Shotgun pellets hit walkers; warning justified, woman says

The Clutha River near Alexandra. Photo: Getty Images
The Clutha River near Alexandra. Photo: Getty Images
An Alexandra woman says the case of two women hit by shotgun pellets fired by duck-shooters on the Clutha River at the weekend was inevitable.

The woman, who did not wish to be named, said she had first warned of the dangers of hunters shooting from boats two years ago.

Yesterday, she felt vindicated.

Ian Hadland
Ian Hadland

The women, who were walking on the track near Alexandra, received minor shotgun pellet injuries - one in the lower leg and the other in the shoulder when they - were hit about 11am on Sunday by shots fired by a group of men duck-shooting from a boat on the river.

In a statement, police said that the men spoke to the injured women and offered assistance but left in their boat and had yet to be identified.

Police were notified after the women were treated at the Alexandra Medical Centre.

The woman, who lives near the river, said she had seen duck-shooting from the river while people were on the Otago Central Rail Trail during the 2019 season but last year had offered a reprieve when the Covid-19 lockdown curtailed the season.

After the incident in 2019, she contacted the Central Otago District Council, police, trail managers, and Fish & Game, she said.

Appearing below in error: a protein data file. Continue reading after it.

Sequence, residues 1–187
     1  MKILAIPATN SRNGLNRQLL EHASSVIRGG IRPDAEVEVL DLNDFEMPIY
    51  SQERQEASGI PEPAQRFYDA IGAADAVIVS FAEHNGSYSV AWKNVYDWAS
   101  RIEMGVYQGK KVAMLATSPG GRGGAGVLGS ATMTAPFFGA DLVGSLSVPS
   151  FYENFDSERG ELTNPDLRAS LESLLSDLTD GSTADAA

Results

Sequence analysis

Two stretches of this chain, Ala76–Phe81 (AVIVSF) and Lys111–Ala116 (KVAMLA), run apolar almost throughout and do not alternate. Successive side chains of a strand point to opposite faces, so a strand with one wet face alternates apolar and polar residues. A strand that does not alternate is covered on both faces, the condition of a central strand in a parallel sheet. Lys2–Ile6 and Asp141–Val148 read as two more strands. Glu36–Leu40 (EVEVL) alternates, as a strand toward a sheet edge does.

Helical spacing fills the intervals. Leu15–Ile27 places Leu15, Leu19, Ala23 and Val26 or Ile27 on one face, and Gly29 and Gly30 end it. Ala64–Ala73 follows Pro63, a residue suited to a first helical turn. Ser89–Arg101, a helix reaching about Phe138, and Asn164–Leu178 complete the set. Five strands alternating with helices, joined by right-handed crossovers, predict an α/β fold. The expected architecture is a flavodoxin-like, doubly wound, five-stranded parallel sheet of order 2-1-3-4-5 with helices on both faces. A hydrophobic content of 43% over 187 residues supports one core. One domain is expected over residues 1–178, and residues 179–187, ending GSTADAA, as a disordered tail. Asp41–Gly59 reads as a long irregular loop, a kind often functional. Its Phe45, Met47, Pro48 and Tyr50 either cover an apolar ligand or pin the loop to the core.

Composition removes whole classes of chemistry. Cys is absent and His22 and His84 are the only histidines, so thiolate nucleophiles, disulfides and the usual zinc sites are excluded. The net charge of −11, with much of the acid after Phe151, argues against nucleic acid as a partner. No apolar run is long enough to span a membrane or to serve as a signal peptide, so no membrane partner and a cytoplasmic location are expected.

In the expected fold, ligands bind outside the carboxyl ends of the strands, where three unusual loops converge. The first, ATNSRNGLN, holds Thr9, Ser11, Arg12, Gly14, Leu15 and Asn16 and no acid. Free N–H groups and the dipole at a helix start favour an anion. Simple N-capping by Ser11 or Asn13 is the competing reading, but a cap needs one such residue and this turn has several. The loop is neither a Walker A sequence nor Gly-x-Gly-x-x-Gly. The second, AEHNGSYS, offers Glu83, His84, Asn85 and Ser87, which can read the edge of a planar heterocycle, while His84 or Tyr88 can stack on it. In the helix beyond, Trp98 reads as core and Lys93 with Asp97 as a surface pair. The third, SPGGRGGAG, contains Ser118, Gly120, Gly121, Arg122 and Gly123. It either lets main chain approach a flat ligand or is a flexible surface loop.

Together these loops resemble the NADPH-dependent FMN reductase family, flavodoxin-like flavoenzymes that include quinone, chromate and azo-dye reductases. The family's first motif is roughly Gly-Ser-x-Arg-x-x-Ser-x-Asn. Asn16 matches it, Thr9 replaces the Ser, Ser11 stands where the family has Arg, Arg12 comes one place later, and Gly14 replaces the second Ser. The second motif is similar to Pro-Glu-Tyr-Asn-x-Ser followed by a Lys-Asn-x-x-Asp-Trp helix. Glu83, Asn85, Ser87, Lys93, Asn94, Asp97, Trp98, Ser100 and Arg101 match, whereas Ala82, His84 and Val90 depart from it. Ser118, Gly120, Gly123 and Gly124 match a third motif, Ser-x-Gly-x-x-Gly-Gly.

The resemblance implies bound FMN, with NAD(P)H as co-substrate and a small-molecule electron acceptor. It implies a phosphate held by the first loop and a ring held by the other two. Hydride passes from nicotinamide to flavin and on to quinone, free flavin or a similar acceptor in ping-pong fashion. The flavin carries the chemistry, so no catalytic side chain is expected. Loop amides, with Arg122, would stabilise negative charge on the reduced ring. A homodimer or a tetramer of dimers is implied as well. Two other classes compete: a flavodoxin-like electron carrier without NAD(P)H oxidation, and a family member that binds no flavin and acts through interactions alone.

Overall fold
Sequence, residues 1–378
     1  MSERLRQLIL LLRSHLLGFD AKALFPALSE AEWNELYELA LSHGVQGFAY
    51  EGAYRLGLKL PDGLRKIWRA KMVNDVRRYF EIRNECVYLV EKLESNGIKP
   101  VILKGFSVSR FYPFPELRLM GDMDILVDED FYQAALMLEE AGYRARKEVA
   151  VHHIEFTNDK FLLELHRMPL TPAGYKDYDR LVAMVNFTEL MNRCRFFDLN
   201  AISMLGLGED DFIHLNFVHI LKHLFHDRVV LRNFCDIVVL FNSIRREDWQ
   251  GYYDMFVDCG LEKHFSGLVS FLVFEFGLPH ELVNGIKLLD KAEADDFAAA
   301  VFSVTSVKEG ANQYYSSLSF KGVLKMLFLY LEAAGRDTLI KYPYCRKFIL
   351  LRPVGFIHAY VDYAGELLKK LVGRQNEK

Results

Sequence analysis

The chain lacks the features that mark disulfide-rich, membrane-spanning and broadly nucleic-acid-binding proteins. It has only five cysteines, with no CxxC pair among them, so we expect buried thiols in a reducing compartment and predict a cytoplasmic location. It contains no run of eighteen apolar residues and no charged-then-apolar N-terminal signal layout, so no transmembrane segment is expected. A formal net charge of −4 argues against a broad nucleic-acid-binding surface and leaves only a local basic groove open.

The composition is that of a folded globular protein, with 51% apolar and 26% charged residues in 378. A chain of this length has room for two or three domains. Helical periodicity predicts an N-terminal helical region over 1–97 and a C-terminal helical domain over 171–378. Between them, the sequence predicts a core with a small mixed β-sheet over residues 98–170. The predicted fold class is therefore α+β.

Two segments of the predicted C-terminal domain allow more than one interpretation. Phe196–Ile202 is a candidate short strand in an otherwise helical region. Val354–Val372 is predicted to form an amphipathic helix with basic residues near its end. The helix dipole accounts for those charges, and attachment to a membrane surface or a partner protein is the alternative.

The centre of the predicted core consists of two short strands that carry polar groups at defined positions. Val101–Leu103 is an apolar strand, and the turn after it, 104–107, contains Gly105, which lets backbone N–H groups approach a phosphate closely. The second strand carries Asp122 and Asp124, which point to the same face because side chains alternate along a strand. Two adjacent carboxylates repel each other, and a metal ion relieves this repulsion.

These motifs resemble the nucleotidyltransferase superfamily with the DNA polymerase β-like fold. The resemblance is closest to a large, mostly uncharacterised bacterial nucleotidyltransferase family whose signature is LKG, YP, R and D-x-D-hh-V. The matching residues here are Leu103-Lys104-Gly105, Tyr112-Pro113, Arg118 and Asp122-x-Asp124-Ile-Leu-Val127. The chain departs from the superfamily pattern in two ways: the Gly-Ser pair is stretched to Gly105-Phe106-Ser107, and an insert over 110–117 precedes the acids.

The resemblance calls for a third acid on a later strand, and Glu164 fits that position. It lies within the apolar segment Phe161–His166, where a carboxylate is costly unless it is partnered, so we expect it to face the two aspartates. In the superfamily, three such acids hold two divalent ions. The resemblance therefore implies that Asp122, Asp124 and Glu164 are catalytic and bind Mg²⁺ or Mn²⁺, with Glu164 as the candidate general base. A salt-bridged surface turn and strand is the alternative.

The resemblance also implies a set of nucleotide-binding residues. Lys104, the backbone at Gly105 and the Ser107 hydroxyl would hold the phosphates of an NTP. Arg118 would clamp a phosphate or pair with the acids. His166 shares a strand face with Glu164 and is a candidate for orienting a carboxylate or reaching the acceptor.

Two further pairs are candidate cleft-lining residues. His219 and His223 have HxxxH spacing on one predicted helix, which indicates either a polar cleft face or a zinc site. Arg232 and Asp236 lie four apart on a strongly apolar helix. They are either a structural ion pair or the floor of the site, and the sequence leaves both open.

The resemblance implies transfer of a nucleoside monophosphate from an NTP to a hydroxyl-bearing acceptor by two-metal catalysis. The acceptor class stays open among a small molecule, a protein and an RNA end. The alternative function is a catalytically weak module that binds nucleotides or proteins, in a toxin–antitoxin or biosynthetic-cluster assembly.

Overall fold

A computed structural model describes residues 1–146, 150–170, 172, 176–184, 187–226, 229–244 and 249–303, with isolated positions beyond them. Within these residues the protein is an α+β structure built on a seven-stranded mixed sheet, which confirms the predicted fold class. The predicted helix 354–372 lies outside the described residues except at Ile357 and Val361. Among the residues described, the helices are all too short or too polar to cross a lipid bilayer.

"How many times does this have to happen before someone gets killed?"

Otago Fish & Game chief executive Ian Hadland said rivers and wetlands throughout Otago were common places for duck-shooting, especially on opening weekend and that had been the case for more than 100 years.

"Unfortunately, encroachment of dwellings, tracks and cycle trails alongside these same areas does have the potential to put higher densities of people into closer proximity to traditional hunting areas," Mr Hadland said.

Duck-shooting from a moored boat was permitted on the Clutha River but it was a breach of the regulations to hunt from a drifting boat on opening weekend, or a boat under power at any time in the season.

One of the seven basic firearms safety rules had been broken, Mr Hadland said.

"Either way, it’s the firearms user who is ultimately responsible and so it’s a matter for the police to follow up in the first instance."

The police spokesman said the incident was still being investigated.

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